Last week review:
LOW INFLATION IS BUOYED BY EVIDENCE OF AN ECONOMIC SLOWDOWN. The S&P 500 and Nasdaq gained more than 2% over the past week, while the DJIA recorded a 2% gain which was the third consecutive week of gains on the back of slowing Inflation data released earlier last week, thus fueling optimism that the Federal Reserve’s interest rate hike has peaked. Economic data showed that US CPI (Oct.) grew 3.2% yoy, below analysts’ forecast of 3.3% and certainly slipping further from the previous month’s 3.7%. Core CPI also, which excludes prices of volatile goods such as food and energy, also cooled to 4.0% yoy, lower than both forecasts and September’s reading of 4.1%. Inflation at the producer level also slowed to a growth rate of 1.3% yoy in October, versus 2.2% in September, lower than the 1.9% forecast. This PPI release showed the largest price decline at the producer level in 3.5 years on the back of cheaper Oil prices. Another report adding to the optimism that the Fed will be able to cut rates sooner next year was Retail Sales (Oct.) dropping 0.1% mom, the first fall in 7 months, and in stark contrast to the previous month’s positive 0.9% growth. As known, the Fed has raised interest rates 525 bps since March 2022 to combat Inflation. Expectations that a rate cut could occur in May 2024 have risen to 65%, up from 34% in the initial estimate last Monday, as quoted by the CME FedWatch Tool. Another positive catalyst was the US House of Representatives finally passing a temporary spending bill that would avert a government shutdown, with broad support from lawmakers from both parties. A number of other economic data released weaker than expected also confirmed the condition of achieving a soft landing are as follows: Initial Jobless Claims released 231 thousand, where jobless claims in the last week were higher than the estimated 220 thousand jobless claims in the previous week. Meanwhile, the Philadelphia Manufacturing Index which measures business conditions in general in Philadelphia is still struggling in contraction territory although it has improved somewhat above the forecast. Both of the above data did more or less raise concerns of an economic slowdown situation, just at a time when the Fed is expected to keep interest rates high for some time. As if to agree with this thought, Industrial Production (Oct.) also extended its contraction and was the lowest negative growth in the last 4 months.
ASIAN MARKET: JAPAN released its initial estimate of 3Q23 GDP in disturbing numbers when economic growth fell into a recession of -2.1% yoy, deeper than the forecast of -0.6% and leaving the positive growth area of 4.5% in the previous quarter. Japan also continued deflation at the producer level (PPI) in October which was recorded at -0.4% mom. Machine Tool Orders from Japan were also recorded as dropping further to 20.6% yoy, dropping again from the previous period which was minus 11.2%. In neighboring countries, CHINA had more news in the Industrial Production (Oct.) and Retail Sales (Oct.) reports which strengthened more than expected. China also released New Loans data for October which turned out to be larger than expected at CNY 738.4 billion, but still did not change the position of Outstanding Loan Growth (Oct.) at 10.9% yoy. INDONESIA also received bullish sentiment from the release of a Trade Balance surplus in October worth USD 3.48 billion, larger than expected and the previous month, supported by better Exports & Imports, so that even though the growth was negative, the rate of decline had slowed down from the previous month.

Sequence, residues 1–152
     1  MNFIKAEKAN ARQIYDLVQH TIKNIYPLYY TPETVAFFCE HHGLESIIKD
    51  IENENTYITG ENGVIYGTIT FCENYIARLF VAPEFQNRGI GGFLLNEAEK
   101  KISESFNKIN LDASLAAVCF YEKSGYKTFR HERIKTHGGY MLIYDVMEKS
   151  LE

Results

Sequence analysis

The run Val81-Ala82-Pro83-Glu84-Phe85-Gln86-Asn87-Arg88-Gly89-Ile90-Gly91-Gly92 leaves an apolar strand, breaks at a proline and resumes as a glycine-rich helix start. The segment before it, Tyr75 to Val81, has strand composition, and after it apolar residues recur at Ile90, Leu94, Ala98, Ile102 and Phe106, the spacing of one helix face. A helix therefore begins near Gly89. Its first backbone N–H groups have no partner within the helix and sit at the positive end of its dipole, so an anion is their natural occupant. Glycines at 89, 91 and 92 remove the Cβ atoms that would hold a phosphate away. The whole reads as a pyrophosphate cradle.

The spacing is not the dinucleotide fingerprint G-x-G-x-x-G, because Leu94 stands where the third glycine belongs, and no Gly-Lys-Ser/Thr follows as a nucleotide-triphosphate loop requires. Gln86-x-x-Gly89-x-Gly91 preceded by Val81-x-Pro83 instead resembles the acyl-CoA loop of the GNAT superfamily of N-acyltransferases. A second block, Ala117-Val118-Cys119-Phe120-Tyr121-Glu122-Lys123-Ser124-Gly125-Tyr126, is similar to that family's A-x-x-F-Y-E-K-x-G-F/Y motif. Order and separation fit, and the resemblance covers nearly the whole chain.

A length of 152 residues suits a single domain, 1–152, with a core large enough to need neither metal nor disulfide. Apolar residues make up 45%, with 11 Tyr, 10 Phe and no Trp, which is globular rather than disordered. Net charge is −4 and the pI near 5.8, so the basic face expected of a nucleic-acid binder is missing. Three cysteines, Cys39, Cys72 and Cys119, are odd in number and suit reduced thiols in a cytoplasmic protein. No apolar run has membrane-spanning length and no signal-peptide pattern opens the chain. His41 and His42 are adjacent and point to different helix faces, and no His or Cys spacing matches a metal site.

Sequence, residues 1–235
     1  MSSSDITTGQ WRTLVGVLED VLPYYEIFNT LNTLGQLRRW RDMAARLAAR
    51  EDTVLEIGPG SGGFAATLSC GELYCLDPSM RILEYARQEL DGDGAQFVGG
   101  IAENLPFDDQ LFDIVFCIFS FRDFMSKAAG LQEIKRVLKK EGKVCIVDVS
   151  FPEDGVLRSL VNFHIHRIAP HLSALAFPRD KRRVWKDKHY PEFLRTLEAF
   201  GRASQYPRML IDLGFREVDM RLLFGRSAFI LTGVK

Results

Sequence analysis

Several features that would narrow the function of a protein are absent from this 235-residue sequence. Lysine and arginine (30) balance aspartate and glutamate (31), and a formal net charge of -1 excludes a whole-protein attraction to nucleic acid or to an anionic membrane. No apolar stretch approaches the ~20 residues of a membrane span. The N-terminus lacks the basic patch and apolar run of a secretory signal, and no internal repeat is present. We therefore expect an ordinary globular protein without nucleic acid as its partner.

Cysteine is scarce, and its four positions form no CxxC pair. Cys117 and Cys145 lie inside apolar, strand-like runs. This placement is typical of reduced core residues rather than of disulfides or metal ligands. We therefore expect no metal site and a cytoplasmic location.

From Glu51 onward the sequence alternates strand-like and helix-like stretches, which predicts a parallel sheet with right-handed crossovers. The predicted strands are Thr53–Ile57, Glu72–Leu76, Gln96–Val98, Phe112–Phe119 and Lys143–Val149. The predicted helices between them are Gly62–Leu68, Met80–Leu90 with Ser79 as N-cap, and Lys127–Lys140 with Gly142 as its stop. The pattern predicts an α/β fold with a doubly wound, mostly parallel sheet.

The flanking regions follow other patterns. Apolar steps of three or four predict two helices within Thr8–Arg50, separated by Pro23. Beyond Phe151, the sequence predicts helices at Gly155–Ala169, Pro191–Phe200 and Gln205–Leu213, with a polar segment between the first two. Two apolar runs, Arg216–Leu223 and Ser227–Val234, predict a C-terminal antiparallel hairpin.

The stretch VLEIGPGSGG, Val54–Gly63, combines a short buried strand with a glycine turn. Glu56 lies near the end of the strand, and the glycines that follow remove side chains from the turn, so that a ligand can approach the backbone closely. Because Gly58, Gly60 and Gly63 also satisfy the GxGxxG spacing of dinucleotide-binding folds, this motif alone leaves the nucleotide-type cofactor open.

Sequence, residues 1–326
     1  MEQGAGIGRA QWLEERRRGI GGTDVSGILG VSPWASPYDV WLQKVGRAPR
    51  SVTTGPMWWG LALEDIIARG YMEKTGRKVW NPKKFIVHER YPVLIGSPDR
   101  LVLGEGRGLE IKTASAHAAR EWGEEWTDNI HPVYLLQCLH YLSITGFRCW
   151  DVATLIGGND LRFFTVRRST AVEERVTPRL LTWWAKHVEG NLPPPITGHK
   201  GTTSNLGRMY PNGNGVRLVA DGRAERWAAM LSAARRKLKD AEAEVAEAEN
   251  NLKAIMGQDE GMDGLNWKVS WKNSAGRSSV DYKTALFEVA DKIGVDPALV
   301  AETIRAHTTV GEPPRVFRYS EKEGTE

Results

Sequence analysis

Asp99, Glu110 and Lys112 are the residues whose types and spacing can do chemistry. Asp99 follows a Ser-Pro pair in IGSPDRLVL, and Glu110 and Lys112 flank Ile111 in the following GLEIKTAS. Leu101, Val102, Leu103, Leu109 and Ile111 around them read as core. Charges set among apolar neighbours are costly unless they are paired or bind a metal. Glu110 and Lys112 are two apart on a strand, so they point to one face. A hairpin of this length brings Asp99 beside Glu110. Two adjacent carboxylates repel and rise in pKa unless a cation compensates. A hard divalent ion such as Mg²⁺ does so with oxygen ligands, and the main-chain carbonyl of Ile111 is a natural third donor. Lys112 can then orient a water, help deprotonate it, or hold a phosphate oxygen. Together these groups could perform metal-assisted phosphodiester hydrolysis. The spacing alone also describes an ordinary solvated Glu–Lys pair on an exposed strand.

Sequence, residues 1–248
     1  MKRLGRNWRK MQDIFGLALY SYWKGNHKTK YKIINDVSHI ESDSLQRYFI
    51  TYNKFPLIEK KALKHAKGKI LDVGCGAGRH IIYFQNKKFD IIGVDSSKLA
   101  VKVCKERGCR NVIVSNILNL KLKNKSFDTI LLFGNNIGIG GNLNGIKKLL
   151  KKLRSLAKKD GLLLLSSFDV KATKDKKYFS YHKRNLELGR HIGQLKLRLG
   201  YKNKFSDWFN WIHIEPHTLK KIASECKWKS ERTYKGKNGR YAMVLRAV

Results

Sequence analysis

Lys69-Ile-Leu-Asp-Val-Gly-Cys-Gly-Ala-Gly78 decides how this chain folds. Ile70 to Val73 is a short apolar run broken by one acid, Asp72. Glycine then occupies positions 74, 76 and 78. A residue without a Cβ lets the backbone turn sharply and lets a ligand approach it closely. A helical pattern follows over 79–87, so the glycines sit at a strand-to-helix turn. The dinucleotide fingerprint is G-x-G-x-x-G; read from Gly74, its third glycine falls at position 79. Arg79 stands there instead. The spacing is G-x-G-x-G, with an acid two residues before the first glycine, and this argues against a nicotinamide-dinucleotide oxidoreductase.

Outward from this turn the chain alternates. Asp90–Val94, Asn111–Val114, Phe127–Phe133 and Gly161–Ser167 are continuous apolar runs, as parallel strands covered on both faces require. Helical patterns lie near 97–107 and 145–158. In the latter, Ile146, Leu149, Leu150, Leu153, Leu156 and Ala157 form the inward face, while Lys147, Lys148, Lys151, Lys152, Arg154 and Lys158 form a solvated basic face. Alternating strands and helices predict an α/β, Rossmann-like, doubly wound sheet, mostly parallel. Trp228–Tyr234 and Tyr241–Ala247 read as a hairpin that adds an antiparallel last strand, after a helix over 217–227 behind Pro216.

EUROPEAN MARKETS: Still talking about Inflation, the UK reported CPI (Oct.) which also successfully cooled to 4.6% yoy, lower than the forecast of 4.8% and certainly from the previous month’s 6.7%. Following the data, their Input & Output PPI also fell from September. However, the sluggishness in Inflation came at the cost of a collapse in Retail Sales (Oct.) whose negative growth has been entrenched since May 2022 and this time it was the lowest drop in the last 3 months. In terms of employment, the UK released higher jobless claims data in October, coming out at 17,800 greater than the prediction of 15,000, and almost double from the previous month at 9,000. The aura of economic slowdown was even thicker in the EURO ZONE where they announced Industrial Production (Sept.) whose negative growth was even bigger than the previous month, so no wonder they wrote a preliminary estimate that 3Q23 GDP would be weaker than the previous quarter. However, on the one hand, the Eurozone should be happy that they have managed to get Inflation (Oct.) down to 2.9% yoy, lower than September’s 4.3%. Only Core CPI remains a work in progress as it read 4.2% yoy in October, still more than double the ECB’s 2% target.